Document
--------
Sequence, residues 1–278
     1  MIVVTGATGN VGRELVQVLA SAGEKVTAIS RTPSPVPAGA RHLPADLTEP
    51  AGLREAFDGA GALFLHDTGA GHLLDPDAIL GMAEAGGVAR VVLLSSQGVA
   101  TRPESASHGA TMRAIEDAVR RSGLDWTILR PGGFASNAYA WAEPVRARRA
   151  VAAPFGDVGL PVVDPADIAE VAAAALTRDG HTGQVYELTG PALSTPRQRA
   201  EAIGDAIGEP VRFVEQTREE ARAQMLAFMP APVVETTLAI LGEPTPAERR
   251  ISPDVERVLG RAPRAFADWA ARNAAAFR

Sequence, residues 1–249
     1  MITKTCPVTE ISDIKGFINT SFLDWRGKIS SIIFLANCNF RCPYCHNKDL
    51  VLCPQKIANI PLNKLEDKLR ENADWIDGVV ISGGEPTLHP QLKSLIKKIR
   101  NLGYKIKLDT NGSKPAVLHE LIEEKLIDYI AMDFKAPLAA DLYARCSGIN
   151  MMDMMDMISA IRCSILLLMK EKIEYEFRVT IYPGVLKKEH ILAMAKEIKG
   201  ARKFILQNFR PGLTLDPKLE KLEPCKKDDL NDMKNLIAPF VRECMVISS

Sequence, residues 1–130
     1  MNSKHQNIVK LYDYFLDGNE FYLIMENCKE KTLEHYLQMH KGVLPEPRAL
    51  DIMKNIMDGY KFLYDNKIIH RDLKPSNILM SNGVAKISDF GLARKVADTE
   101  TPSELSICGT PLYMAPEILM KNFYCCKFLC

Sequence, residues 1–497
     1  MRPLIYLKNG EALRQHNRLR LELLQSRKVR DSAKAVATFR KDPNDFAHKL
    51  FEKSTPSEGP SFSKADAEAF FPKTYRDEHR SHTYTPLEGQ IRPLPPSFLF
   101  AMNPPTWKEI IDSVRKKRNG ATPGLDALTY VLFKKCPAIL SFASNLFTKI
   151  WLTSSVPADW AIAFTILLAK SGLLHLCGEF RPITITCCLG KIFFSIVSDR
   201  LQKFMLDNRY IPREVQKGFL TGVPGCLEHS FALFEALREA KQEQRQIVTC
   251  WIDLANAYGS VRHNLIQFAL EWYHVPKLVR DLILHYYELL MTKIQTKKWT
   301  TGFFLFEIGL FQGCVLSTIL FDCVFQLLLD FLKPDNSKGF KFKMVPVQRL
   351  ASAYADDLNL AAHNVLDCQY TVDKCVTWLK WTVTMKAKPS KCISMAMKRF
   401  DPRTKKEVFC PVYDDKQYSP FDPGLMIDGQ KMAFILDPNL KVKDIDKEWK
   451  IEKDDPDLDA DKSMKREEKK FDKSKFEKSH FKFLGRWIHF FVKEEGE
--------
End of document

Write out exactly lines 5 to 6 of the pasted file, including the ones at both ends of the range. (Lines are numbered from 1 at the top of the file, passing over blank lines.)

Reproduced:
   151  VAAPFGDVGL PVVDPADIAE VAAAALTRDG HTGQVYELTG PALSTPRQRA
   201  EAIGDAIGEP VRFVEQTREE ARAQMLAFMP APVVETTLAI LGEPTPAERR